Kotlin With LibGDX and IntelliJ


With the upcoming LibGDX jam, it dawned on me I hadn’t done anything with LibGDX in a while.  I decided to look into doing a mini game series in advance of the Jam and decided it was a good opportunity for me to look into the Kotlin programming language.  Ironically a day later, RoboVM and IntelliJ announce a Kotlin code competition… stars aligning I suppose.


So I decided to start with Kotlin-afying a LibGDX project and see how the process went.  This tutorial is the result of that experience, although to be honest calling it a tutorial is a bit of a joke as the process was amazingly simple.


Before we begin there are a couple of things you are going to need:


Open the project in IntelliJ just like normal with a Java application.

In your project, in core create a new Kotlin file beside your main class like so:



That’s one of the cool things about Kotlin, it can exist along side existing java sources.  Once you create the Kotlin file, this popup will be shown:



Click the link and let it configure as a Kotlin module. Defaults are good, click OK.



Now this part is impressive and I discovered it by accident.  Open your existing .java file and copy the contents, then paste them into your newly created kt file.  When prompted, let it convert the Java to Kotlin code:



Now the default project will be converted to Kotlin, but there will be a pair of errors:



Kotlin does not appear to like unallocated variables.  There are a few options here.  You can move the initialization of batch and img to the KotlinDemo constructor, you can default initialize them to null (this will however cause LibGDX to explode, so not recommended 😉 ) or you can add the lateinit modifer, which is the route I went.  Here is the resulting code:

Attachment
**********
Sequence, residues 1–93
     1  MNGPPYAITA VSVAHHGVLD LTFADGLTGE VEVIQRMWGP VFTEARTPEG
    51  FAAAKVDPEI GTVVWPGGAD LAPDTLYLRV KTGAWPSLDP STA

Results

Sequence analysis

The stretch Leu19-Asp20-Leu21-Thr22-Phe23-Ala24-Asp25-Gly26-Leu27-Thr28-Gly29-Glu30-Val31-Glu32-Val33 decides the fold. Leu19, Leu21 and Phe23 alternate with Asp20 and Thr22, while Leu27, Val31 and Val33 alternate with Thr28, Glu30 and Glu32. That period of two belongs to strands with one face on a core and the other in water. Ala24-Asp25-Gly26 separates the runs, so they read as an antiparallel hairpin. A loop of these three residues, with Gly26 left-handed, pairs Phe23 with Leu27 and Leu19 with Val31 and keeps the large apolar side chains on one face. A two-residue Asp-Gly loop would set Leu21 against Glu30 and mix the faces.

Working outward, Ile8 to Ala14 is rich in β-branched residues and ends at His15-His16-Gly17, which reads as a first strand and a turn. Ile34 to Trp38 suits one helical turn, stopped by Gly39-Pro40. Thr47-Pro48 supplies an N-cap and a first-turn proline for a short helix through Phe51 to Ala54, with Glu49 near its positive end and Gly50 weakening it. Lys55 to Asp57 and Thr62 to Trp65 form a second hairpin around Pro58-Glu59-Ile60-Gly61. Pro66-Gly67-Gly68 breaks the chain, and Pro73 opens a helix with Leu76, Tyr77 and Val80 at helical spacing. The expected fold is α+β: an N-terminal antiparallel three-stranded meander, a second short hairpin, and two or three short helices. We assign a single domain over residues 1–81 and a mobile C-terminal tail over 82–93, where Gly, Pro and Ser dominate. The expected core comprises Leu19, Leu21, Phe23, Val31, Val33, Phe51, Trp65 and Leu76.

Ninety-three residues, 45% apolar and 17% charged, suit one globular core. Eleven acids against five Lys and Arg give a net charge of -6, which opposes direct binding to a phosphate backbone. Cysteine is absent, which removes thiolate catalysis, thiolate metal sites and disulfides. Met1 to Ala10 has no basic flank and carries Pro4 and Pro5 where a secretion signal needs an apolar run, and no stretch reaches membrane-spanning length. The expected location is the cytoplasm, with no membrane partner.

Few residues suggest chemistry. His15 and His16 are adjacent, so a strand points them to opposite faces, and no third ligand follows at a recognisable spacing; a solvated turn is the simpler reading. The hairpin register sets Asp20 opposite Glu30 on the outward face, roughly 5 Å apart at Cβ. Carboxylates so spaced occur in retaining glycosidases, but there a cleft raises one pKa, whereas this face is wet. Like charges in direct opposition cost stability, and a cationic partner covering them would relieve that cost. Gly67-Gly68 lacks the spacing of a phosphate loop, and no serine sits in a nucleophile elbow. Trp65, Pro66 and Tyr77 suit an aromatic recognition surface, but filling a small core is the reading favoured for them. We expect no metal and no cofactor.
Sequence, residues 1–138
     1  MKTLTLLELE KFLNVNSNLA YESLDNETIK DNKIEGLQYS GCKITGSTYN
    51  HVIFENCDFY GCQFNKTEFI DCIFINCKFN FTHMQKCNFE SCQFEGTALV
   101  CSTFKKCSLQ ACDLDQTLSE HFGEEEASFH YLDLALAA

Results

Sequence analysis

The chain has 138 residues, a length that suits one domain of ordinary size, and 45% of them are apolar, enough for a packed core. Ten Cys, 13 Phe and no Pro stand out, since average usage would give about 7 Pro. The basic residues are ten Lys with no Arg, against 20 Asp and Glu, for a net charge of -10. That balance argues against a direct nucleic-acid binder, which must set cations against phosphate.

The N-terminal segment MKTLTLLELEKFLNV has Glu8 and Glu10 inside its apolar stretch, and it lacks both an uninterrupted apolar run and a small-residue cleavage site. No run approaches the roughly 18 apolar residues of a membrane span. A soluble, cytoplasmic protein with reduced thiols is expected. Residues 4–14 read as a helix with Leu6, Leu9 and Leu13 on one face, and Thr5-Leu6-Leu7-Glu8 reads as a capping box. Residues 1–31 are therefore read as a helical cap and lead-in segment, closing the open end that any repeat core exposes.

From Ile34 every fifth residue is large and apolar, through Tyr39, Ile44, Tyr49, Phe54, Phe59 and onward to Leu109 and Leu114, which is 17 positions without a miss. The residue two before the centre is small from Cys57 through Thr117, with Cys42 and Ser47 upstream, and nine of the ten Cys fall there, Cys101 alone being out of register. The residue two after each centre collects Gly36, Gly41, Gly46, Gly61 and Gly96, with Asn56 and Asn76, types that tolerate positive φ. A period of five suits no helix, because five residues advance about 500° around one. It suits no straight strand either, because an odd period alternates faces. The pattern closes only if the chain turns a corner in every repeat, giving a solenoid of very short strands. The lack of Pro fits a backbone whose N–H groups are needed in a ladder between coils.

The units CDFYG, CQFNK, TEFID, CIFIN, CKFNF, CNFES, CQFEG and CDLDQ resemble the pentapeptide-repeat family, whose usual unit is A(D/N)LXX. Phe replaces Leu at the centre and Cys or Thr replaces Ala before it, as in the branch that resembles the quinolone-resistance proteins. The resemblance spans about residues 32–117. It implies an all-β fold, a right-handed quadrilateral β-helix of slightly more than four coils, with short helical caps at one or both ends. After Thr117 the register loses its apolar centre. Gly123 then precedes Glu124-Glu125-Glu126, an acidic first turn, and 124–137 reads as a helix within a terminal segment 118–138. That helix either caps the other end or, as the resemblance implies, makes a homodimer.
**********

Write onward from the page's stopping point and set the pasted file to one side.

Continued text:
package com.gamefromscratch    import com.badlogic.gdx.ApplicationAdapter  import com.badlogic.gdx.Gdx  import com.badlogic.gdx.graphics.GL20  import com.badlogic.gdx.graphics.Texture  import com.badlogic.gdx.graphics.g2d.SpriteBatch    class KotlinDemo : ApplicationAdapter() {      internal lateinit var batch: SpriteBatch      internal lateinit var img: Texture        override fun create() {          batch = SpriteBatch()          img = Texture("badlogic.jpg")      }        override fun render() {          Gdx.gl.glClearColor(1f, 0f, 0f, 1f)          Gdx.gl.glClear(GL20.GL_COLOR_BUFFER_BIT)          batch.begin()          batch.draw(img, 0f, 0f)          batch.end()      }  }  

Congratulations, you’ve just created your first Kotlin application!  The mix and match nature enables you to slowly port your code over to Kotlin making the transition exceedingly easy.

Now there is one last very important step, we need to delete the original .java class. 



When you delete it, you want to make sure you don’t do a smart delete, as we want the existing references to this class to remain (as our Kotlin class is replacing it):



I’m going to continue to play around with Kotlin, so expect more coverage over the next few days/weeks.  Let me know what you think of Kotlin… any interest?


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